Abstract 034: Omega-3 Fatty Acid Biomarkers and Incident Type 2 Diabetes: An Individual Participant-level Pooling Project of 20 Prospective Cohort Studies

Frank Qian, Andres V. Ardisson Korat, Fumiaki Imamura, Matti Marklund, Nathan Tintle, Jyrki K. Virtanen, Xia Zhou, Julie K. Bassett, Heidi Lai, Yoichiro Hirakawa, Kuo-Liong Chien, Alexis C. Frazier-wood, Maria Lankinen, Rachel A. Murphy, Cecilia Samieri, Johanna M. Geleijnse, Vanessa De Mello, Nita G. Forouhi, Jason H. Wu, Rozenn N. LemaitreRenata Micha, Dariush Mozaffarian, Qi Sun

Research output: Contribution to journalAbstractAcademic


Background: Effects of omega-3 fatty acids on the prevention of type 2 diabetes (T2D) are unclear. Relatively few prospective studies have utilized objective omega-3 biomarkers to assess risk.

Aims: To assess the prospective relationship between circulating and tissue levels of alpha linoleic acid (ALA), eicosapentaenoic acid (EPA), docosapentaenoic acid (DPA), and docosahexaenoic acid (DHA), with respect to risk of T2D.

Methods: A global consortium of 20 prospective cohort studies from 14 nations with assessments of ALA, EPA, DPA, or DHA in adults (age > 18 years) were identified through July 2017 and included in this investigation. A pre-specified analytic protocol, including definitions for exposures, covariate list, disease outcome definitions, and subgroup analyses was developed and followed in new participant-level cohort analysis. Associations were pooled using inverse variance-weighted meta-analysis.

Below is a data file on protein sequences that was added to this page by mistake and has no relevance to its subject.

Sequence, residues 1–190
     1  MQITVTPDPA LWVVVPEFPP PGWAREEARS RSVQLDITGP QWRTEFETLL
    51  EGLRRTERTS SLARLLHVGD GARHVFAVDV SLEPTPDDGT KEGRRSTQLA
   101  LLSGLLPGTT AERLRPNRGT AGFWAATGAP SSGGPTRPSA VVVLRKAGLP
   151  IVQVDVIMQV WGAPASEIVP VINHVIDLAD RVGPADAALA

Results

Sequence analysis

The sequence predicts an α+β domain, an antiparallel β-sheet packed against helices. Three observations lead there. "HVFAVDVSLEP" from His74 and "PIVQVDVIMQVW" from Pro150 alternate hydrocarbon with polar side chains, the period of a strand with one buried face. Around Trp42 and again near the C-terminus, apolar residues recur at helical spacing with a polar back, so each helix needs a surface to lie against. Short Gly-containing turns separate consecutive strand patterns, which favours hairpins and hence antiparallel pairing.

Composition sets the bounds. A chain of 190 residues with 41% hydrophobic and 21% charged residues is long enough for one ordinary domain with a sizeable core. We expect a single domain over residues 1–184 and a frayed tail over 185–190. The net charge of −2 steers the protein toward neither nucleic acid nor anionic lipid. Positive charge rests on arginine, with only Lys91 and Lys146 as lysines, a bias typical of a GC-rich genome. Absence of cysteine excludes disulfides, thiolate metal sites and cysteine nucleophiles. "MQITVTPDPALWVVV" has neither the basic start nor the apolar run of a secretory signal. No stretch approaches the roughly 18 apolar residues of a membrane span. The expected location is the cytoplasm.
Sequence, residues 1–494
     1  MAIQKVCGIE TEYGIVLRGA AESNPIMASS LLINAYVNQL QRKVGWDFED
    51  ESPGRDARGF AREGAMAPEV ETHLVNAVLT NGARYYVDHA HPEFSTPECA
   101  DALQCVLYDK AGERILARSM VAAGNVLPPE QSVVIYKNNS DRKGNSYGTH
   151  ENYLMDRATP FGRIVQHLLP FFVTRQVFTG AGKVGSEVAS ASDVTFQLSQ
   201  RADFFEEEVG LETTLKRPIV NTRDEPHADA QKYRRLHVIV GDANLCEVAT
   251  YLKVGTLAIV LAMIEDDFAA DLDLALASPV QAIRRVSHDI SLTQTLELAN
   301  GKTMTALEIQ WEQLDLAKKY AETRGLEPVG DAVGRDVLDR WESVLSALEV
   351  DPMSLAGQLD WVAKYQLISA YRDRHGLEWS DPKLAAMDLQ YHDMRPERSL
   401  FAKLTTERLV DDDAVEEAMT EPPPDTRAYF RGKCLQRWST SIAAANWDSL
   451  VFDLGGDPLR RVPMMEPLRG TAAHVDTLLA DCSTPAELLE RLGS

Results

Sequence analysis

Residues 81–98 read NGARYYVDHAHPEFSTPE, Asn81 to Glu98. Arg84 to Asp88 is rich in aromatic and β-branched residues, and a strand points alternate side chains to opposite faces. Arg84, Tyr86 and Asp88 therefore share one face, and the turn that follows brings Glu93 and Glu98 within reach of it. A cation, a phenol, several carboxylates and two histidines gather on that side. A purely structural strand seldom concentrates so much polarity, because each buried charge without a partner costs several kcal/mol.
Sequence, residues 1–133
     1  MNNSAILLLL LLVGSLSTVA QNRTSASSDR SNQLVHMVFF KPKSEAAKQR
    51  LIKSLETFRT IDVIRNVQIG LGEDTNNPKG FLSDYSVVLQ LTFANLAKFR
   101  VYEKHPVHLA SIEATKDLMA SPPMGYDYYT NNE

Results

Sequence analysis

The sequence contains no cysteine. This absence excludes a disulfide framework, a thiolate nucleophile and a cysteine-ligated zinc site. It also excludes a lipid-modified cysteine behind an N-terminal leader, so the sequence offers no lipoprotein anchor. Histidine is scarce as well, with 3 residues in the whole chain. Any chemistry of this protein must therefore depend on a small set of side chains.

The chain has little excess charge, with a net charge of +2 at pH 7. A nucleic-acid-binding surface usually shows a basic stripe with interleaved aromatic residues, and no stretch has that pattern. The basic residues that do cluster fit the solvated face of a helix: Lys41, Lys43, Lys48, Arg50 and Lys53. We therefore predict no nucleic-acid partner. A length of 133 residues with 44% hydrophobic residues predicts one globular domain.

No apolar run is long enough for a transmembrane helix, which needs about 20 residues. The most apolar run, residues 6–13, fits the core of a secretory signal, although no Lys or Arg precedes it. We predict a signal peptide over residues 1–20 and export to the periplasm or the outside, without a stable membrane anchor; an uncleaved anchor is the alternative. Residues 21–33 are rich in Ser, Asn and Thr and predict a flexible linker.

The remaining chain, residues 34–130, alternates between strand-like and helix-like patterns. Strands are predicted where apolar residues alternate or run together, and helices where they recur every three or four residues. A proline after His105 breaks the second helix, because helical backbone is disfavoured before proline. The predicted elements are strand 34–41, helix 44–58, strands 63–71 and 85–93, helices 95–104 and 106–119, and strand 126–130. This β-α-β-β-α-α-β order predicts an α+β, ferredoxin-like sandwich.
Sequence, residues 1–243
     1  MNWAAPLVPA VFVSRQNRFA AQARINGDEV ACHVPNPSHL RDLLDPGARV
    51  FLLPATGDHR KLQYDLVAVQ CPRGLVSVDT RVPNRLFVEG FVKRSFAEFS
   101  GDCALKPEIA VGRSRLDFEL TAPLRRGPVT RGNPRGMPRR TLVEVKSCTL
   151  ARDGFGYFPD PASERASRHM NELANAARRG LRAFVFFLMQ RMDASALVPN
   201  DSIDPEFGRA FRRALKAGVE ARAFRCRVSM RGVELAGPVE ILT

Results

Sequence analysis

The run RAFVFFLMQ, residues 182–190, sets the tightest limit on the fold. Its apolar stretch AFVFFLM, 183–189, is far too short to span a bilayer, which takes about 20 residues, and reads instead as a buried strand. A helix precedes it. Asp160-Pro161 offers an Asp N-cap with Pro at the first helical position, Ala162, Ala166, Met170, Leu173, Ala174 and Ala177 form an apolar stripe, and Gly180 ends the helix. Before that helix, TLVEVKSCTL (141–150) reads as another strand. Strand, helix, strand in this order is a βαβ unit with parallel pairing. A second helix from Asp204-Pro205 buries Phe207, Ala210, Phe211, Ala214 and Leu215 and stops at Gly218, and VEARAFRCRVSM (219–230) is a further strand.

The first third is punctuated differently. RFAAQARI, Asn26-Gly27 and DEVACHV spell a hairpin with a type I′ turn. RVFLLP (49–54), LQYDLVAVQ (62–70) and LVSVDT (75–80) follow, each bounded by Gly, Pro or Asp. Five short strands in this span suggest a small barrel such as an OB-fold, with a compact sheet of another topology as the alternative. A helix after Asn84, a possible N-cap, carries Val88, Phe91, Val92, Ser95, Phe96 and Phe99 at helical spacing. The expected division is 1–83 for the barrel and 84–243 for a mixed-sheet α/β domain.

Results: Among 65,147 participants, 16,693 incident cases of T2D occurred during follow-up (median follow-up in the cohorts ranged from 2.5 to 21.2 years). In pooled multivariate analysis, per interquintile range (difference between the midpoints of the first and fifth quintile for each fatty acid), EPA, DPA, DHA, and their sum (Figure 1) were associated with 8%, 21%, 18%, and 19% lower risk of T2D, respectively (all P<0.001). Higher levels of ALA were not significantly associated with T2D. Associations were consistent across different lipid compartments and pre-specified subgroups, including by age, sex, and geographic region, as well as in several sensitivity analyses.

Conclusion: Higher circulating and tissue biomarkers of seafood-derived omega-3 fatty acids, EPA, DPA, and DHA, were associated with lower risk of T2D in a global consortium of prospective studies. Plant-derived ALA was not significantly associated with risk.
Original languageEnglish
Article number034
Issue numberSuppl_1
Publication statusPublished - 5 Mar 2019


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